Advice wanted for self-directed aerospace research as a sophomore

In summary: I did not have the appropriate recommendation letters from my summer employer.In summary, this person suggests that the best way to learn something is to do it, and that working during the summer can be a good way to learn the basics of a trade. He also suggests that finding a mentor during the summer is important, and that not being self-sufficient can lead to problems in the fall.
  • #1
et12
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Hi all, I'm a sophomore in aerospace engineering, and I haven’t been able to find any internships this summer. Instead, I'm looking to do some self-directed research, specifically in aerodynamics and propulsion, which I am both equally interested in. I have had experience with CAD software like Solidworks and Siemens NX, along with some exposure to CFD simulations. Given that I haven't been able to find any mentors from my university to provide guidance, would it still be a good idea to proceed with my project independently? Secondly, in terms of my project idea, should I prioritize focusing on one specific area or try to incorporate both areas in my research? Lastly, can you provide recommendations for additional resources to help with the research project? Thanks in advance for the advice.
 
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  • #2
Why no internship? How many did you apply to? You need to have guidance working on some specific project for the summer. That will be far, far more useful than "studying some stuff". Talk to everyone you know and somehow become indentured for the summer.
Otherwise go to Aruba and have a blast.
 
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  • #3
This sounds to me like a bad idea.

If your position was "I am interested in X and so will look into it over the summer" it might - might - work out. But that's not your position: you want to do Research, and need help with a topic. That means you're looking for some kind of credentialing, and without an advisor, you're unlikely to get it.
 
  • #4
Vanadium 50 said:
This sounds to me like a bad idea.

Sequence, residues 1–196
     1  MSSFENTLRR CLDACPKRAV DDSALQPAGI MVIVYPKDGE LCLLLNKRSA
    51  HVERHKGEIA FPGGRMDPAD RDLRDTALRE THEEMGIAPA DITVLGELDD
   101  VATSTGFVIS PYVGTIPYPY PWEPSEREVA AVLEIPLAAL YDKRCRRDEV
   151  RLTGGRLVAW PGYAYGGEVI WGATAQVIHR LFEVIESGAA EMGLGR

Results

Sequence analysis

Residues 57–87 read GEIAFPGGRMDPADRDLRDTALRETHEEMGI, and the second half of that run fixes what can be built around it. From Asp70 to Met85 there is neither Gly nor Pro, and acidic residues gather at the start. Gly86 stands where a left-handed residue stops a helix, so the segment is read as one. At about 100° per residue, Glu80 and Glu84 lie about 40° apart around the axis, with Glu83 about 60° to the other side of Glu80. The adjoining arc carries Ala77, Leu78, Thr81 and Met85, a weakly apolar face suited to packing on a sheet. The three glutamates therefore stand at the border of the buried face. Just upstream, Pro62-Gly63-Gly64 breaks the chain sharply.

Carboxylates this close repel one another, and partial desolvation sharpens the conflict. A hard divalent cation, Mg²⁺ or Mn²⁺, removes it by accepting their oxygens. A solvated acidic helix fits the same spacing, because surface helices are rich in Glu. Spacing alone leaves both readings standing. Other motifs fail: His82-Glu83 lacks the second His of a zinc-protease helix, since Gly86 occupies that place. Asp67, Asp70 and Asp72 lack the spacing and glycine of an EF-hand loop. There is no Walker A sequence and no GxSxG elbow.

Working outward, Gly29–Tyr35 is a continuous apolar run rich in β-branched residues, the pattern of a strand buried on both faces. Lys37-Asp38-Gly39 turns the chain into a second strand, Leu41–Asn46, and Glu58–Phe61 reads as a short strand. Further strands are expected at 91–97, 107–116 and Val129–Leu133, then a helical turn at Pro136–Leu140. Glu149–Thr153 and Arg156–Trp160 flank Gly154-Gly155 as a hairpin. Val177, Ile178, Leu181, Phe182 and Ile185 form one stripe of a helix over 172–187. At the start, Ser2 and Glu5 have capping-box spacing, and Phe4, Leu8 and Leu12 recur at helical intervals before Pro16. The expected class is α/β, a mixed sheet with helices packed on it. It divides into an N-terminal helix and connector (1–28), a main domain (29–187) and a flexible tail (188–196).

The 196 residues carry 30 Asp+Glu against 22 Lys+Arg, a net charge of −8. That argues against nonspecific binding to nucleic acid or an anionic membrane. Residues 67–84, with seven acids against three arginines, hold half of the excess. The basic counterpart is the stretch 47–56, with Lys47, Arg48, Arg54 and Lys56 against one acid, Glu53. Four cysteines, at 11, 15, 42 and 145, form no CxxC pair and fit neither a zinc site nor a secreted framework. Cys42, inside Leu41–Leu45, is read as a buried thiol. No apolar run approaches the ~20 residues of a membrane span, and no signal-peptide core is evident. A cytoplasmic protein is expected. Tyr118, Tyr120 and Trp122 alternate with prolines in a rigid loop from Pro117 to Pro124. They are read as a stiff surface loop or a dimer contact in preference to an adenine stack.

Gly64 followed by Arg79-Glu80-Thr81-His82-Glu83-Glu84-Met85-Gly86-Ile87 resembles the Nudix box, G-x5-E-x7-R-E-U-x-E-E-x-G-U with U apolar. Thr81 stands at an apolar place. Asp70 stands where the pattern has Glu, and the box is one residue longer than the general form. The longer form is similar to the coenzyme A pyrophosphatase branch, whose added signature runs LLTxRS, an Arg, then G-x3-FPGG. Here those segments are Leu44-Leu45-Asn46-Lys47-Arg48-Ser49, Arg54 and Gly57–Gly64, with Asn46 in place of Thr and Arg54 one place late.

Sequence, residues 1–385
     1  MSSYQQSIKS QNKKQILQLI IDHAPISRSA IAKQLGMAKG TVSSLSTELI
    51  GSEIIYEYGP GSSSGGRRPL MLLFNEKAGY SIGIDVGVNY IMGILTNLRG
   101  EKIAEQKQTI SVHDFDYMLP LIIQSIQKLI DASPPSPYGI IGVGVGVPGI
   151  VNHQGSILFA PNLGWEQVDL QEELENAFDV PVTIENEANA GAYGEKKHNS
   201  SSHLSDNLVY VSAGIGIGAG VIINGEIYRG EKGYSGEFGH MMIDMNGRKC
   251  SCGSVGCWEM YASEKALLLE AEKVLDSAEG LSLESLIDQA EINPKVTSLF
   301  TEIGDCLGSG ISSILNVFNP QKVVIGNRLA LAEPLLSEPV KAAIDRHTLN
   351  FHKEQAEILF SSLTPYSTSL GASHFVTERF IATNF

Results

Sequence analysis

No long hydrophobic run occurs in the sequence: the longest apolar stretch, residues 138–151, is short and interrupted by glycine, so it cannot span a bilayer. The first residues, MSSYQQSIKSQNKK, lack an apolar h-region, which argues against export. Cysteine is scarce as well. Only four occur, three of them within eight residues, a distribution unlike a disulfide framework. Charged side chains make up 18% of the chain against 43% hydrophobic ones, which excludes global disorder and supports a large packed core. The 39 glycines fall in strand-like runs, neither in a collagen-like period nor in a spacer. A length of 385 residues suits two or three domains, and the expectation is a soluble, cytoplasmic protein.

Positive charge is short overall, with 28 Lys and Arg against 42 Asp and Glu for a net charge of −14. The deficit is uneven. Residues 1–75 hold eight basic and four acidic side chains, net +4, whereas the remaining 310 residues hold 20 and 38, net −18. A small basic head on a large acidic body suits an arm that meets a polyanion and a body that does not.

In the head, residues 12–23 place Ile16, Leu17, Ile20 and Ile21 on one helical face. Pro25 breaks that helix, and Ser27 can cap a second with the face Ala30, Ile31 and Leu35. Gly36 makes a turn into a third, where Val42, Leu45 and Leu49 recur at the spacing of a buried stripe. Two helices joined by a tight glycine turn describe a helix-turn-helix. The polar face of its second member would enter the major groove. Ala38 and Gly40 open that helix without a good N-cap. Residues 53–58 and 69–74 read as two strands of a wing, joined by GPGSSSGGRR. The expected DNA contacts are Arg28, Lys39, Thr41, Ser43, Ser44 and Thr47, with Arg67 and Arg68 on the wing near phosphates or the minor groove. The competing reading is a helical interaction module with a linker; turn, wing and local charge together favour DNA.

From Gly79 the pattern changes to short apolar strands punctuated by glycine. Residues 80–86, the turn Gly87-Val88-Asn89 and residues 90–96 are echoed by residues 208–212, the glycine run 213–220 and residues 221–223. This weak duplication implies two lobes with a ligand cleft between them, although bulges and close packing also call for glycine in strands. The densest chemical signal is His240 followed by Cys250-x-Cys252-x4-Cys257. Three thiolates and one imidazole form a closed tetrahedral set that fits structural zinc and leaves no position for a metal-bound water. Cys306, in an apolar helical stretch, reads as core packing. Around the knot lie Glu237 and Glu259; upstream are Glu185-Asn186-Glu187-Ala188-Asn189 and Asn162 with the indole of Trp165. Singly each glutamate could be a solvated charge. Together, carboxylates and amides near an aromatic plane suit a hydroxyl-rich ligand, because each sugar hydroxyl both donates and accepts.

If your position was "I am interested in X and so will look into it over the summer" it might - might - work out. But that's not your position: you want to do Research, and need help with a topic. That means you're looking for some kind of credentialing, and without an advisor, you're unlikely to get it.
What would you suggest he do instead?
 
  • #5
Muu9 said:
What would you suggest he do instead?
See post #2, become indentured to an advisor or go on vacation for the summer.
 
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  • #6
Take a summer school class in Python or something else that you will use your entire school and professional care.
 
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  • #7
Muu9 said:
What would you suggest he do instead?
The end of May is a heck of a time to be planning one's summer. I think the advice in #2 is about the best that can be done. Bot research box-checking? That ship has probably sailed.
 
  • #8
marcusl said:
Take a summer school class in Python or something else that you will use your entire school and professional care.
This is not a bad idea.

I spent one summer working in a restaurant. I think everyone should do that once. The rest of my summers I did unskilled construction work. Digging holes, filling them in, moving piles of scrap into dump trucks, running a jackhammer (that's fun for about ten minutes). Hard work, but outdoors in the sun. It is good to get to know people you never meet in college.
 
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  • #9
I really like gmax137's advice. However, I might suggest to forego the resturant work (aside from the motivation to return to school to graduate). I suggest you consider working as a lacky in some custom machine shop, construction, or some type of trade as summer help. You will get to learn the fundamentals of some critical fabrication techniques (Tools) that will serve you well in your future. You will also see and meet people who really do "Work" for a living! (Not to disparage people who get the privilage of "Thinking for a Living."
Because there are far to many people who "Think for a Living" with an empty tool box!